As an example, a trader may have bought and sold the BMY April 25 calls for $1.85 1000 times. The trader will make $33.00 per contract that he or she is not assigned on tomorrow. Thus, if the trader is short 50 of these contracts in the morning he or she will have an extra $1650.00 in their pocket. As long as the amount collected is greater than the transaction cost, the trader is a winner.
It will be interesting to see how well this dividend play worked. We will know if it was a success based on the amount of open interest that is left on those strikes tomorrow. The closer to zero at tomorrow's open interest, the worse that dividend play worked for the traders.
UPDATE, the trader's that traded the 26 strike got a lot of options through, check out the open interest on the 26s vs. the 25s and 24s:
Should retail traders do dividend plays?
No, the execution costs are too high for this trade to ever work. However, it is important to understand that this play occurs; otherwise one might get the wrong idea when they see a call to put ratio in BMY that looks like this:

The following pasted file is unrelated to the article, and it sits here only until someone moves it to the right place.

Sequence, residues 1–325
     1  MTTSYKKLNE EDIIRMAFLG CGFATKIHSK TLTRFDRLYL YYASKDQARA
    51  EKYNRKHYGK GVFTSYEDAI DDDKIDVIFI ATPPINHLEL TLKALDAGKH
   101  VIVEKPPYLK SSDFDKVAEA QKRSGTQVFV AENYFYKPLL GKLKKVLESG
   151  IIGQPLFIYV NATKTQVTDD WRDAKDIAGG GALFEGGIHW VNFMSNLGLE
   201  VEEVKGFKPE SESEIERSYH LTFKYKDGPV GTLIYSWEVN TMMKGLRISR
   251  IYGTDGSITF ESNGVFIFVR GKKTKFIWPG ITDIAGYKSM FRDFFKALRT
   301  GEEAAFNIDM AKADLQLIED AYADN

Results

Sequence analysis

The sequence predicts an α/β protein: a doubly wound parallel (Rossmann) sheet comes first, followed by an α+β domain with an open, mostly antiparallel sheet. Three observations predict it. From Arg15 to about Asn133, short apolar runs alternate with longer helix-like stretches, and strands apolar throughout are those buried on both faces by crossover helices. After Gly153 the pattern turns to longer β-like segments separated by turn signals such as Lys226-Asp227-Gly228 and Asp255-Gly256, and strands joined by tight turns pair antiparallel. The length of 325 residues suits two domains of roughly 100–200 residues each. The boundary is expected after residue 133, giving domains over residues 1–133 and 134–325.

How do I know if I should exercise my calls?
You can run the Put-Call parity formula and if it comes up not equating, the options are an exercise. However, there is a short cut that I use. Generally speaking, for any option that has less than 30 days to expire, if one is long a call on a strike, if the dividend is greater than the value of the corresponding put, the call is an exercise.
Here is an example using AAPL:
Notice the $2.65 dividend is greater than the value of the put on the 425 strike, thus, the AAPL February 425 calls are probably an exercise. For options outside of 30 days, I would suggest doing the full formula, however, as interest for the long stock comes into play. If you are confused, call your broker, they will have someone that can advise you toward the proper course of action.
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